Incomplete stomatal closure during the night has been observed in a diverse range of C3 and C4 species, among these are many horticultural and crop species (for a review see Caird et al. 2007). This can lead to substantial night-time transpirational water loss even in dessert species were water is a strongly limiting factor (Snyder et al. 2003). The magnitude of water transpired during the night depends on the cuticular conductance, g, and VPD. It can account for E values between 5 and 15% of daytime rates, sometimes even more, and has been detected using a variety of techniques, from single leaf gas exchange measurements to whole plant sap flow, and field scale lysimeters (Caird et al. 2007). Green et al. (1989) reported that 20–30% of total daily transpiration could occur at night in kiwi and apple orchards in New Zealand under certain conditions. There may be a genetic attribute involved, because successions of Arabidopsis thaliana showed different night g in a common environment which correlated with the average VPD of their native habitat (Caird et al. 2007). While E during the night responds positively to VPD, night-time g may show a similar negative response as observed during the day (Bucci et al. 2004). There may be some benefits to the plant by not fully closing its stomata including better nutrient availability because of continuous mass flow or a better carbon balance because of high early morning g when VPD and temperature are still low (Caird et al. 2007). There is little information available on night-time water losses of grapevines, but it could potentially be important for regions with frequently high wind velocities (i.e southern France, California coast) (Chu et al. 2009) and high night-time temperatures and VPD. In fact, Schmid (1997) observed that high wind velocities correlated with high night-time sap flow rates of field-grown Riesling grapevines in Germany. This effect on whole plant E was much stronger later during the season (September, Northern Hemisphere) than during mid-summer (July–August). The seasonal difference in this study was attributed to a partial loss of stomatal control and seemed unrelated to soil water content (Schmid 1997). However, most studies have shown that water deficit and salt stress will cause night-time g to decrease (Caird et al. 2007).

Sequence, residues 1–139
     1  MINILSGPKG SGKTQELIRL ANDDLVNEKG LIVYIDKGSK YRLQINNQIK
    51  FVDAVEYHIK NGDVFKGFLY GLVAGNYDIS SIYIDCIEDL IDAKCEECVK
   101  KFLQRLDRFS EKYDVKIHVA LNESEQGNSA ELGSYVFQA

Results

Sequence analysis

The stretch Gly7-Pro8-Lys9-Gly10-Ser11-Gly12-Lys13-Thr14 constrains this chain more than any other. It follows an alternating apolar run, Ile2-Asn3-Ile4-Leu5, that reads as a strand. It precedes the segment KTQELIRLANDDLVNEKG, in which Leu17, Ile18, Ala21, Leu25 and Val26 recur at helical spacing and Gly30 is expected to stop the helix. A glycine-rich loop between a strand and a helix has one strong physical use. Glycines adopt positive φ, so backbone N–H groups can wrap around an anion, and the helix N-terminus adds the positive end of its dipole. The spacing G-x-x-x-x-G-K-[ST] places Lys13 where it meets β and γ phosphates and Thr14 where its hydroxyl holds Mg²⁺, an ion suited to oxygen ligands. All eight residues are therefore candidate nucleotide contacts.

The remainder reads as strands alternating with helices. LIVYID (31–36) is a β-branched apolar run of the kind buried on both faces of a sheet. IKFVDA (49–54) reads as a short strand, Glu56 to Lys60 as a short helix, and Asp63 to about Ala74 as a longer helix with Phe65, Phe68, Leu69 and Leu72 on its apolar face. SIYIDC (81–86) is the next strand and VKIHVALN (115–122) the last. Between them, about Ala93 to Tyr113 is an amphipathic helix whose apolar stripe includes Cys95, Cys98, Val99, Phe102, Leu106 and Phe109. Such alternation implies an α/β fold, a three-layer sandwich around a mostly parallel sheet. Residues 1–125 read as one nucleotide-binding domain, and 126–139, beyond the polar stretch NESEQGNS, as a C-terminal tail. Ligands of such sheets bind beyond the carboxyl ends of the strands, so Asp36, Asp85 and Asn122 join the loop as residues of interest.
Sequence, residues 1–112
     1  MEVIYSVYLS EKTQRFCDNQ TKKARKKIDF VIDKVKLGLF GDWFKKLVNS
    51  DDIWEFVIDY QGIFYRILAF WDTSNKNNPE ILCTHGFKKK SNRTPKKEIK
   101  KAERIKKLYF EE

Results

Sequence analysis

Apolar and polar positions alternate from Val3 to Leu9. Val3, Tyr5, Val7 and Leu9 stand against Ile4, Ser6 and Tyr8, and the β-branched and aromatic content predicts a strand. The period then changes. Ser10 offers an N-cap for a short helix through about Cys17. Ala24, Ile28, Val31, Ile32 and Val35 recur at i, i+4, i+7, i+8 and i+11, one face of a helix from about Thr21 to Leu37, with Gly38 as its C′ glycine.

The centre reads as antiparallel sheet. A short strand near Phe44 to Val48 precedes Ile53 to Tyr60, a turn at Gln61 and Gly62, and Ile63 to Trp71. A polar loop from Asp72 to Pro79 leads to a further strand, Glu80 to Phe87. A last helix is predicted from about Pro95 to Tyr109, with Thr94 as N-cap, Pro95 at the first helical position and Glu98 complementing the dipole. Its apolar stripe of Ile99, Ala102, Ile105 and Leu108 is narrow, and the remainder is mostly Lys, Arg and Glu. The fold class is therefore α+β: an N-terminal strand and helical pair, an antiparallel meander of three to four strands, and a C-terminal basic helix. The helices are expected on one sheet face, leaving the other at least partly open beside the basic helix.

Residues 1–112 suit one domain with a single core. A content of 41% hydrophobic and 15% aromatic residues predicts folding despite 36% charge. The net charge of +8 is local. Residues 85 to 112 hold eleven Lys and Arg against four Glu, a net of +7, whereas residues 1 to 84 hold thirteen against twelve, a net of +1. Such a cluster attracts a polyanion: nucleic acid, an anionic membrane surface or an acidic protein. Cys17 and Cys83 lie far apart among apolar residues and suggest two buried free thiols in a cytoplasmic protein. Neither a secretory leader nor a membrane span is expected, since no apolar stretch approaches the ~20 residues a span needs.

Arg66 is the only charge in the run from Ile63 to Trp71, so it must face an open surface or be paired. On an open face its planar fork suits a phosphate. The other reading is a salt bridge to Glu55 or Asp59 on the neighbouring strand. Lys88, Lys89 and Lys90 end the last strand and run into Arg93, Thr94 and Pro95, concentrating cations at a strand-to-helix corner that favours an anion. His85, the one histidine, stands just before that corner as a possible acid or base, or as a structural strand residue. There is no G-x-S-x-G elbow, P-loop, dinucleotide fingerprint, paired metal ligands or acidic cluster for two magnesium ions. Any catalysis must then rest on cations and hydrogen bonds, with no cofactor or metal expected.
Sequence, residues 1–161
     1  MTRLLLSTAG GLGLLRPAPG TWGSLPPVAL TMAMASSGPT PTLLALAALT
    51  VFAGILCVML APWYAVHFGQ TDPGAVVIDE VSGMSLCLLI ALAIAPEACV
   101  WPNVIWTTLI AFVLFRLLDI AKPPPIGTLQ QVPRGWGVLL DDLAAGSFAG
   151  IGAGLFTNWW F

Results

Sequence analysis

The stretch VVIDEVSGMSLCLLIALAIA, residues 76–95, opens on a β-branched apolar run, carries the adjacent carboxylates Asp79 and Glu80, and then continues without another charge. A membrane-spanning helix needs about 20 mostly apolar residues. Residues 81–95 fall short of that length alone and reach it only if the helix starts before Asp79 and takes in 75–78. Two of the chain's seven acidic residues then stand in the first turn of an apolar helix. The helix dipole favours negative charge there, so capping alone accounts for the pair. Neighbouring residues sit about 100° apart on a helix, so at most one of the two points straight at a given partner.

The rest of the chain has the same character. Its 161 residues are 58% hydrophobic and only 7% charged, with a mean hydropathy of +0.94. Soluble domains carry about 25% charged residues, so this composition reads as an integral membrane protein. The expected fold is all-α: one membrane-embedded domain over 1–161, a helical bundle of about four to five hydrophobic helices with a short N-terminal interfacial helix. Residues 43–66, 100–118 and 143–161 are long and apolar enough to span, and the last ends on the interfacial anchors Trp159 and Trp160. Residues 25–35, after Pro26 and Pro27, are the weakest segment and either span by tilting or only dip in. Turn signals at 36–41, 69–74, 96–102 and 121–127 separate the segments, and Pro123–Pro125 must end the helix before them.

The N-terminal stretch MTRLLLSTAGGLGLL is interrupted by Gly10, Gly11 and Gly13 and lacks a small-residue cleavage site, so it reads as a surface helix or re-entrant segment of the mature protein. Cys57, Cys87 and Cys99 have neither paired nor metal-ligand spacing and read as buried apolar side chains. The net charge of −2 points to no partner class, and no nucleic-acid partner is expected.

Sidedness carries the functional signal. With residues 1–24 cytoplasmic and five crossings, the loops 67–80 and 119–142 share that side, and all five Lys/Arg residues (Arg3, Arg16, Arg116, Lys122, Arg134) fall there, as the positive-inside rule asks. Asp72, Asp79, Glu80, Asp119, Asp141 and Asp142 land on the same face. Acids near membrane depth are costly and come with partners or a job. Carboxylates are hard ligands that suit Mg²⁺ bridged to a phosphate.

Data presented in Figure 6, are among the few examples available where the night-time flux of water and its dependence on temperature (Figure 6(a)) and VPD (Figure 6(b)) has been measured for grapevines (Schmid 1997). The strong response to both environmental factors indicates that these phenomena should be studied specifically in warmer and dryer areas. The relationship to temperature was very similar to that of leaf respiration measured concomitantly in a gas exchange cuvette (Figure 6(a), Schmid 1997).